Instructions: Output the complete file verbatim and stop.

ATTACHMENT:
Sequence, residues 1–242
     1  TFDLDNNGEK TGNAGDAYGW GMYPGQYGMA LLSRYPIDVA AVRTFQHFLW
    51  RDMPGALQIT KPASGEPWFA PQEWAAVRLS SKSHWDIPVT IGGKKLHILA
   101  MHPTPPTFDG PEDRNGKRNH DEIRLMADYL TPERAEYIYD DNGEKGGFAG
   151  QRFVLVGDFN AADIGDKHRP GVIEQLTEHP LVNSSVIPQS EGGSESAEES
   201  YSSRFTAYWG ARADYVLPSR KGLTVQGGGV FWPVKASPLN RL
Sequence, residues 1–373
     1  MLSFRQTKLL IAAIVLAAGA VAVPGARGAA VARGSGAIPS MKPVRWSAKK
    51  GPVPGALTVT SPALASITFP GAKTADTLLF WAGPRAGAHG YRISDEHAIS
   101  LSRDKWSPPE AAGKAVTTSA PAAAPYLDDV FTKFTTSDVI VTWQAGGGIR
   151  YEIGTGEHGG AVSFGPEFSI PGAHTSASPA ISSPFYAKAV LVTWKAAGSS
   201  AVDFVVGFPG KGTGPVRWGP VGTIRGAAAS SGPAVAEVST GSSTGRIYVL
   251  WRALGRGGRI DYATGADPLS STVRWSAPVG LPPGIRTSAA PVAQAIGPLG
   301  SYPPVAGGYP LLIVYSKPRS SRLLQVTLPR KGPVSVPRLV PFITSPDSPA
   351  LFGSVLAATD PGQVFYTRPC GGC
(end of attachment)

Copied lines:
Sequence, residues 1–242
     1  TFDLDNNGEK TGNAGDAYGW GMYPGQYGMA LLSRYPIDVA AVRTFQHFLW
    51  RDMPGALQIT KPASGEPWFA PQEWAAVRLS SKSHWDIPVT IGGKKLHILA
   101  MHPTPPTFDG PEDRNGKRNH DEIRLMADYL TPERAEYIYD DNGEKGGFAG
   151  QRFVLVGDFN AADIGDKHRP GVIEQLTEHP LVNSSVIPQS EGGSESAEES
   201  YSSRFTAYWG ARADYVLPSR KGLTVQGGGV FWPVKASPLN RL
Sequence, residues 1–373
     1  MLSFRQTKLL IAAIVLAAGA VAVPGARGAA VARGSGAIPS MKPVRWSAKK
    51  GPVPGALTVT SPALASITFP GAKTADTLLF WAGPRAGAHG YRISDEHAIS
   101  LSRDKWSPPE AAGKAVTTSA PAAAPYLDDV FTKFTTSDVI VTWQAGGGIR
   151  YEIGTGEHGG AVSFGPEFSI PGAHTSASPA ISSPFYAKAV LVTWKAAGSS
   201  AVDFVVGFPG KGTGPVRWGP VGTIRGAAAS SGPAVAEVST GSSTGRIYVL
   251  WRALGRGGRI DYATGADPLS STVRWSAPVG LPPGIRTSAA PVAQAIGPLG
   301  SYPPVAGGYP LLIVYSKPRS SRLLQVTLPR KGPVSVPRLV PFITSPDSPA
   351  LFGSVLAATD PGQVFYTRPC GGC